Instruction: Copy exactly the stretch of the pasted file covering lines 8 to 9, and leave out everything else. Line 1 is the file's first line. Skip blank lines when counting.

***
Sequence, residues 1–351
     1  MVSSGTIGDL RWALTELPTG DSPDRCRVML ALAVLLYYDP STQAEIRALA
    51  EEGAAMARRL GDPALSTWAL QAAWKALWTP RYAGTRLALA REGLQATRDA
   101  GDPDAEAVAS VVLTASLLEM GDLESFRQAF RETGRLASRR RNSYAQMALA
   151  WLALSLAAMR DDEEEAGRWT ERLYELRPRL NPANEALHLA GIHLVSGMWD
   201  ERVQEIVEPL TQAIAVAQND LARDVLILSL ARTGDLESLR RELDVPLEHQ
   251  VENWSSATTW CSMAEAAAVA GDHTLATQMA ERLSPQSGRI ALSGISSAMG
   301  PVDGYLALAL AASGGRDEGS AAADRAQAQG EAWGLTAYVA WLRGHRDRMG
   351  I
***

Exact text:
   301  PVDGYLALAL AASGGRDEGS AAADRAQAQG EAWGLTAYVA WLRGHRDRMG
   351  I